Reviewed for Shockya.com & BigAppleReviews.net linked from Rotten Tomatoes by: Harvey Karten
Director: Eva Mulvad
Writer: Eva Mulvad
Cast: Sahand, Mani, Leila
Screened at: Critics’ link, NYC, 9/14/20
Opens: September 14, 2020
When Moses came down from Mount Sinai, his people asked him how it went. The good news is “I got him down to ten,” the lawgiver said. “The bad news is that adultery is still one of them.” Commandments notwithstanding, adultery is probably more common than killing, stealing, even dissing your mother and father. I’ll bet more people say OMG than drink Coca-Cola, so forget enforcing decrees against taking The Name in vain. While we in the West love soap operas with every kind of description of sex outside marriage, parts of the world are just no fun. In Iran, if you’re guilty of violating the Sixth Commandment, you are in deep doody.
The government of Iran says not only Death to America but when they get a chance they think Stone the Adulterers. In this doc, a dramatized one which makes it the kind of nonfiction story that evokes the same audience interest as a narrative drama, Sahand and Leila have a love child conceived four years earlier in Tehran. Mani, the title character, does not understand why her mother and dad are eager to leave everything behind in Iran, but in a way it’s because of him. He is the physical evidence that he was created by his mom, but not by the guy back home who somehow, after three years of marriage to Leila, left her, well, a virgin. The Iranian court would not grant Leila a divorce which even our Catholic church would make short shrift of with an annulment. Instead the judge said “Pray and watch TV.” Maybe they don’t have good stuff on TV like our Drew Barrymore show, and yet somehow, not explained, she does get the divorce.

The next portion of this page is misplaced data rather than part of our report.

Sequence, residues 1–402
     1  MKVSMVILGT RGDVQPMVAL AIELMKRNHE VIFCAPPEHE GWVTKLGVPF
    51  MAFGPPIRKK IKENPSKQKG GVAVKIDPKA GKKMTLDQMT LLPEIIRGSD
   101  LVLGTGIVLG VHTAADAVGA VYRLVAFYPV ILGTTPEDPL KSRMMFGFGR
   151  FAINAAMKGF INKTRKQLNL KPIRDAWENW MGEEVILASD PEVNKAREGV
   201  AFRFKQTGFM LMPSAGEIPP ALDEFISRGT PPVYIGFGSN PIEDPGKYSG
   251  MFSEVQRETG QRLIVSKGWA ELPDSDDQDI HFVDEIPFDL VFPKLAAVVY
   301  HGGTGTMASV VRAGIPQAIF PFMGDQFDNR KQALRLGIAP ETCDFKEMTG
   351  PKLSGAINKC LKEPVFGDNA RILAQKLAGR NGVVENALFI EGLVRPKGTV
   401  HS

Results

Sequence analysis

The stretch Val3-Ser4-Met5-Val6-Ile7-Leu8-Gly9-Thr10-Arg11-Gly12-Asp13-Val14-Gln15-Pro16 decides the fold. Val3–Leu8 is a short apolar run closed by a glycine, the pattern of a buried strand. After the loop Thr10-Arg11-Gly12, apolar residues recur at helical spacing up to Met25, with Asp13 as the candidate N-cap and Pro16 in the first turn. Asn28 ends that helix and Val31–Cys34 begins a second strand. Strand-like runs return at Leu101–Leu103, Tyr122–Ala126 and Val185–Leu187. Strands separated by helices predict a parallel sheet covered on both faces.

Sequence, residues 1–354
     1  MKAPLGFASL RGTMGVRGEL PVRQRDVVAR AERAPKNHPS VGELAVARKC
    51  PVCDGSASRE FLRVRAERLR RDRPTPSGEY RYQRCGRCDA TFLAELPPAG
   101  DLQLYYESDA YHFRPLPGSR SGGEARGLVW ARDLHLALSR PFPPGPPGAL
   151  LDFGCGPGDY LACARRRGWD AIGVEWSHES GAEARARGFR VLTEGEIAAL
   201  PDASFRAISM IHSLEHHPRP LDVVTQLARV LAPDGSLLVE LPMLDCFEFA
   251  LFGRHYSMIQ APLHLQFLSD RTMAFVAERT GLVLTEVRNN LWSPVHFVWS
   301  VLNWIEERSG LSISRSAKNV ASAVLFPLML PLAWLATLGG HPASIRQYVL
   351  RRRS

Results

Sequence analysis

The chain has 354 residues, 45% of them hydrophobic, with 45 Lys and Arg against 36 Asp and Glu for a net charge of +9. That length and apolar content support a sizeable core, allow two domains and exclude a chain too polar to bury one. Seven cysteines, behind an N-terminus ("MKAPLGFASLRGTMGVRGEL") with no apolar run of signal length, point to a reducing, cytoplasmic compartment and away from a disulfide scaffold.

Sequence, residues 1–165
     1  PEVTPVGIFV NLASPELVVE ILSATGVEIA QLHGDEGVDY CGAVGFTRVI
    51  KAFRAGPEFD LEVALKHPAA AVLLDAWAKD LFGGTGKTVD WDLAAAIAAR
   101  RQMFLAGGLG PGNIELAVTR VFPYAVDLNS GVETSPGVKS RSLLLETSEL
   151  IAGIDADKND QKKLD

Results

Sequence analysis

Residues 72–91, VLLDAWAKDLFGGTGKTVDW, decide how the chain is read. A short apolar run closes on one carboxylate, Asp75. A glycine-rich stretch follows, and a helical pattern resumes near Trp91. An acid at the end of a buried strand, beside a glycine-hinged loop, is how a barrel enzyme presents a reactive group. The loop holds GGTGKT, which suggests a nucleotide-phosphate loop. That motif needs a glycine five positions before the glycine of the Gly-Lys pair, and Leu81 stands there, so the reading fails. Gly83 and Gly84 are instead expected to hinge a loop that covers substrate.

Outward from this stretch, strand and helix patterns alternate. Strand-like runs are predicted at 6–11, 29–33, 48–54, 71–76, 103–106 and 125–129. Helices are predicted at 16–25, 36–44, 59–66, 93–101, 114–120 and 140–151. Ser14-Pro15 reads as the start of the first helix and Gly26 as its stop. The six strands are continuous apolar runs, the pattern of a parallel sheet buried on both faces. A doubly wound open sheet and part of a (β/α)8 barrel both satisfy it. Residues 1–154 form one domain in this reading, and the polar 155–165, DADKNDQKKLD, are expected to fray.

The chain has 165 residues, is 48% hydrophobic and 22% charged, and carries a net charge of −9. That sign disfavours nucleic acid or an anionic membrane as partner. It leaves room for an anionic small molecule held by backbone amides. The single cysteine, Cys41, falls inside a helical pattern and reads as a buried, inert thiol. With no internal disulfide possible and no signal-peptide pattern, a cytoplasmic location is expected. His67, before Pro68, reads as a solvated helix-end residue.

They’re not looking for a place to exploit workers and make a fortune like people in some countries. They want only to live. They are an educated couple, speaking Farsi, Turkish, English, even Azeri which should make them welcome in many countries, but first they fly to Istanbul and begin a paper chase. They seek refugee status from the UN High Commission for Refugees, which sends their fate into the hands of a byzantine bureaucracy; not ironic considering that they’re filing from Byzantium. They check the UNHCR website eager to hear whether their plea for refugee status is granted, which would allow them to apply for passage to Canada or Australia among other places, but Mani decides for them. He wants America. He never heard of Trump. But Turkey is inundated with Syrian refugees—give the Turks credit for opening their borders to (shock) Muslims (!) and appearing ready to allow them to stay for years if they wish.
As stated above, this is a doc that’s in the welcome format of a narrative drama, one that even takes on the momentum of a thriller. The three stars are not professional actors, but you’d never know. Their lovey-dovey chats and arguments are likely to have been scripted by Danish writer-director Eva Mulvad, whose doc “A Modern Man” is about a Norwegian-English elite violinist, but they sure seem real. Makes you wonder why people go to acting school when all you need is a good director like Ms. Mulvad.
A compelling drama with subtitles in Farsi, Turkish, English and Azeri.
82 minutes. © 2020 by Harvey Karten, Member, New York Film Critics Online
Story – A-
Acting – B+
Technical – B+
Overall – A-